Wednesday, January 26, 2011

Andy Gray - caught offside?

I was chatting with a media pal shortly after the Andy Gray/Richard Keys "lineswomangate" audio was released from Sky Sports. We were musing about the coincidence of its appearance across the news media and the fact that Andy Gray is taking action against the News of The World for alleged phone hacking. Both the NoW and Sky have the same owner, a Mr R Murdoch of various fixed abodes.

Andy Gray was apparently sacked not just for the remarks that he and Richard Keys made about a female assistant referee, but also because a video has come to light showing him making suggestive remarks to a Sky colleague, Charlotte Jackson. It would appear that Mr Gray's lawyers, Schillings, are taking a look at the circumstances to see if a claim for unfair dismissal is in order.

I'm not about to defend sexist behaviour or language. I don't know Andy Gray or Richard Keys personally, though I have met them both at Sky News. They know as well as anyone that whenever there is a microphone near you, your voice could be recorded. However, I suspect that the sort of banter that's been revealed goes on many times a day, in groups of males and/or females throughout the media, and in every other profession. This incident has been singled out for some reason. Perhaps a reprimand would have been appropriate. Perhaps a sacking has resulted from a series of incidents. We may never know, though an employment tribunal, should it come to that, will reveal more.

A question that puzzles me is this: How did an off-air conversation come to be distributed to a range of media outlets so rapidly? Is there any parallel with listening to private phone messages? One thing is for sure. This story is even more complex than the offside rule.

4 comments:

Steve Trister said...

The whole thing smells of fish! Its an absolute stitch up for sure. They must have hours of recordings of comments like that. Has to be a leak!

Just to clarify, my stance on his comments. He's a prat and needs to join us in this century!

Guy Clapperton said...

There was a comment on the radio this morning - I have no better source - to the effect that the offending second clip had been on YouTube since December. I suspect a couple of things: first that we're not hearing the complete story (I do agree this sort of banter goes on all the time from both sexes and is rarely considered serious) but second, once it had come to light and gone high profile, Sky had no option but to be seen to act.

The first comment, about the lineswoman, was the more serious in my view. Everyone can have a bit of banter while a microphone operator is fiddling with your trousers - it can be a way of covering embarrassment, for example - but undermining someone's ability to do their job and prejudging their line calls when you'll be commenting on the match is a probem in terms of getting the job done.

Ian said...

The moment I saw this story appearing, I thought of your advice Alan: "If your wearing a microphone, just assume that its on!" As you say, Gray and Keys were media professionals, and should have known better.

While such banter goes on in offices and work places globally, its the extent of one incident or the number of recurring incidents that will get you in trouble with your employer, and ultimately sacked. They may seem minor, but if others take offence then management have a legal obligation to take some action.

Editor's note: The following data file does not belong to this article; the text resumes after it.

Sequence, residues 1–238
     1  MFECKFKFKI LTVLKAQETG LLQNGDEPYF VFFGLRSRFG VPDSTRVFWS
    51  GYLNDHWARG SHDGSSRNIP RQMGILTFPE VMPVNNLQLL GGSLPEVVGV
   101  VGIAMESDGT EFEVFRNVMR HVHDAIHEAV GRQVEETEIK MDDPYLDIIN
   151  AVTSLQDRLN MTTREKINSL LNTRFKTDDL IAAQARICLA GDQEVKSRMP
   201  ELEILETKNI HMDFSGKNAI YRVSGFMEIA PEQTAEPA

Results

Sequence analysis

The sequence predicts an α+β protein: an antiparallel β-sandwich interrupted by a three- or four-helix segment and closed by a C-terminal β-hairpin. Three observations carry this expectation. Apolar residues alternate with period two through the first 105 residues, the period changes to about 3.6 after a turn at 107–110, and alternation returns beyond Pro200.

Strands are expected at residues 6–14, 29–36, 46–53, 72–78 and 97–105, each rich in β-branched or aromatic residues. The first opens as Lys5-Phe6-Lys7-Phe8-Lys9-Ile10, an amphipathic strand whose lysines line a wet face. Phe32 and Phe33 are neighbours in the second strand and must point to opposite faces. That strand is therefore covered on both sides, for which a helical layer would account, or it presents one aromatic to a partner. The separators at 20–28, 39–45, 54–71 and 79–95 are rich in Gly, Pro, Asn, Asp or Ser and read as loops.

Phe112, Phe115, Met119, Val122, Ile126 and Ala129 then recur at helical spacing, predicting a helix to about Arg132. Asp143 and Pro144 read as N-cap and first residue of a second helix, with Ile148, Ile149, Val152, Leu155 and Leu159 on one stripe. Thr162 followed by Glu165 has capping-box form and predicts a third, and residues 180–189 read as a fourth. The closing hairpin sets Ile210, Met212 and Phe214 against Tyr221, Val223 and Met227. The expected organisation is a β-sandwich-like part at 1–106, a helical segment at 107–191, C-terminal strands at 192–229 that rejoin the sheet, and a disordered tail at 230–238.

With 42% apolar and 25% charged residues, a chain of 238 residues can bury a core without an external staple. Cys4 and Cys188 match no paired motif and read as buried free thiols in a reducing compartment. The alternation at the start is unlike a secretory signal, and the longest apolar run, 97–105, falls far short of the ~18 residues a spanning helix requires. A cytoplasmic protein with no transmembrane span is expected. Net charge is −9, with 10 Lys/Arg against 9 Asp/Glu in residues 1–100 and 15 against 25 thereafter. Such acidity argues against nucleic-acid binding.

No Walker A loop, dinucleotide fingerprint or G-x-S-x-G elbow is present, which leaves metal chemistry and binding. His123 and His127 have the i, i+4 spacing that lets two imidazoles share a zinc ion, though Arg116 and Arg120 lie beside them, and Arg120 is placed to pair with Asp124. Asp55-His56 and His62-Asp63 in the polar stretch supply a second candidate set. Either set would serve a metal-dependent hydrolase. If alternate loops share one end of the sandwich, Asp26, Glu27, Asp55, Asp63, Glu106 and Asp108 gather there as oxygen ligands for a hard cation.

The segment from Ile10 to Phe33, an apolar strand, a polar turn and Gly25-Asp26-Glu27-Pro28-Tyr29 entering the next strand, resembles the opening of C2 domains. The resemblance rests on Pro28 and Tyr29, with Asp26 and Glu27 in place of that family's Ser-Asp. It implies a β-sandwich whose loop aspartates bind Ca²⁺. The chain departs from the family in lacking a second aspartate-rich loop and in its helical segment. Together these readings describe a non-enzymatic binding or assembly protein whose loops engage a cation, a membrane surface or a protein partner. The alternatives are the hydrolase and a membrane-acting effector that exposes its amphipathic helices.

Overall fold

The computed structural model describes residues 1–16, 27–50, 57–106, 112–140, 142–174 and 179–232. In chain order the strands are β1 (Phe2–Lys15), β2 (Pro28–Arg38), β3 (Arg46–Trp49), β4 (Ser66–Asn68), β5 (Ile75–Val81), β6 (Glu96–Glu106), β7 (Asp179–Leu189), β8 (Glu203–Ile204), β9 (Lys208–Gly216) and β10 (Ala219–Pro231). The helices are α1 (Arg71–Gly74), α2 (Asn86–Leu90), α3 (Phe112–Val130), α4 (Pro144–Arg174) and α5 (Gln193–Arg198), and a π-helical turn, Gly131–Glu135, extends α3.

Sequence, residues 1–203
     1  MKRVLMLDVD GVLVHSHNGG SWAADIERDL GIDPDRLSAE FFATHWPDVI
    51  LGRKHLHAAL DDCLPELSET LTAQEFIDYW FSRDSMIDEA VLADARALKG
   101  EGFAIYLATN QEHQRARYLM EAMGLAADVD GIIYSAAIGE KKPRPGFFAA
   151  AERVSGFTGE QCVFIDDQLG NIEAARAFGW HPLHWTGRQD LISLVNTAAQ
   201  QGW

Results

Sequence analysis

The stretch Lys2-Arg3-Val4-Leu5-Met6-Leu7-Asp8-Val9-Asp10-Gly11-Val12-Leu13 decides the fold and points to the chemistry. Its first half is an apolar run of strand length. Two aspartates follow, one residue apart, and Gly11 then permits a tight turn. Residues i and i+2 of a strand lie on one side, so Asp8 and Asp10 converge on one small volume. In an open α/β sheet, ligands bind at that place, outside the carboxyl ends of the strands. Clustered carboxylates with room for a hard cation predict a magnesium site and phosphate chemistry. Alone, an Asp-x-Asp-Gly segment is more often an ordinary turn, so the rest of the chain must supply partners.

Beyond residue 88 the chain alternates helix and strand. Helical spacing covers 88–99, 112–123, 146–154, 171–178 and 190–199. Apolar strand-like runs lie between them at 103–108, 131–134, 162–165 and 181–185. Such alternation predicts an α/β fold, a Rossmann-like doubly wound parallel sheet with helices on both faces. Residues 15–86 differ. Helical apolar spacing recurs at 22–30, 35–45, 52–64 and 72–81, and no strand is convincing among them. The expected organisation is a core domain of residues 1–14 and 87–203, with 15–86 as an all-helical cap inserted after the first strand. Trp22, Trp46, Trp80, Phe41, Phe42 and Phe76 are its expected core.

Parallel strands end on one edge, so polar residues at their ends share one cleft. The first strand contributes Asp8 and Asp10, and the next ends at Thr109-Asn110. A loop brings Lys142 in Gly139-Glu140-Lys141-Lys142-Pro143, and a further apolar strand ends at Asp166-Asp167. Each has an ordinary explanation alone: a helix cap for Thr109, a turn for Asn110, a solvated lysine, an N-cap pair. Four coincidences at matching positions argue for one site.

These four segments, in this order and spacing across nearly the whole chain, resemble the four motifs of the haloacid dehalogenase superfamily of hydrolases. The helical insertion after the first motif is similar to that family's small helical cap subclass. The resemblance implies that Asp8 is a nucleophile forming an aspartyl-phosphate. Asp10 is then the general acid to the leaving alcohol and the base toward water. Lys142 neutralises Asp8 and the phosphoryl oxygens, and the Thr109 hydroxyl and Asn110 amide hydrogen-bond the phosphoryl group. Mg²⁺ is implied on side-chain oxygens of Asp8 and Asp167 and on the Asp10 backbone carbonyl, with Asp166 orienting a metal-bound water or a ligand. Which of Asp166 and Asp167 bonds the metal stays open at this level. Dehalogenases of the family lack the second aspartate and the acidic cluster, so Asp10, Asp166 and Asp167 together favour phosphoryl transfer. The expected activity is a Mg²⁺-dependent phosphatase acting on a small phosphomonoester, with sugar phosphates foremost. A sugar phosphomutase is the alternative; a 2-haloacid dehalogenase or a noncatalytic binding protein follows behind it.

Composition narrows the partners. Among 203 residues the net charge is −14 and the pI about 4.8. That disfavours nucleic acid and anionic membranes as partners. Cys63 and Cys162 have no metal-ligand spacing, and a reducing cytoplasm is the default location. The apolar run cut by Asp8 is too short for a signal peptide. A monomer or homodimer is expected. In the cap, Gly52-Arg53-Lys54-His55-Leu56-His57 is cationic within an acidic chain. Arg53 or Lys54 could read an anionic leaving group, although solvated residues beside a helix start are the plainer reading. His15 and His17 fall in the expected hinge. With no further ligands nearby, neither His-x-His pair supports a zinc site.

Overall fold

From an HR viewpoint, the more serious incident was the one in the studio. Harassment of a fellow employee in a sexual manner is normally considered a serious breach of judgement, and hence your contract of employment. Apparently he was warned at least verbally later about this incident. Secondly, most employment contracts have a "bringing the company into disrepute" clause, often greatly extended in sports and the media. Hence although the second incident with regards the lines woman is less serious from an HR view point, at least it legally could be considered a minor breach of that disrepute clause. The third incident involving later comments by Gray on the touchline could either be consider a separate incident or part of the same lines woman case, but I conclude Sky felt it a third case.

In most employment contracts, three minor breaches is considered one major breach, and hence sufficient legal reasoning for dismissal. Gray clearly breached from recorded evidence on three occasions, its then up to his employer, Sky, to follow their disciplinary procedure and come to a conclusion.

Now technically, they could have kept him, but I am with you here Alan: why release such recordings to the media? Someone or his employer had an agenda to dispose of him, and they did. To achieve that, they released footage to the media. Now dismissing someone for three minor breaches of their employment contract is legal, but bringing their reputation into disrepute while doing so is illegal: the employer is almost terminally blocking, but at least degredating, their future employment.

At least two of the recordings were released at Sky's behest and with their full knowledge. Hence I also conclude that Gray has at least grounds for a claim against Sky, possibly on not following their own dismissal procedure, certainly in sullying in his reputation and hence degredating his chances of future employment. This story has much further to roll, at least from an employment law view point.

Alan Stevens said...

Thanks to all for insightful comments. Still watching this story, since it's not over by a long way.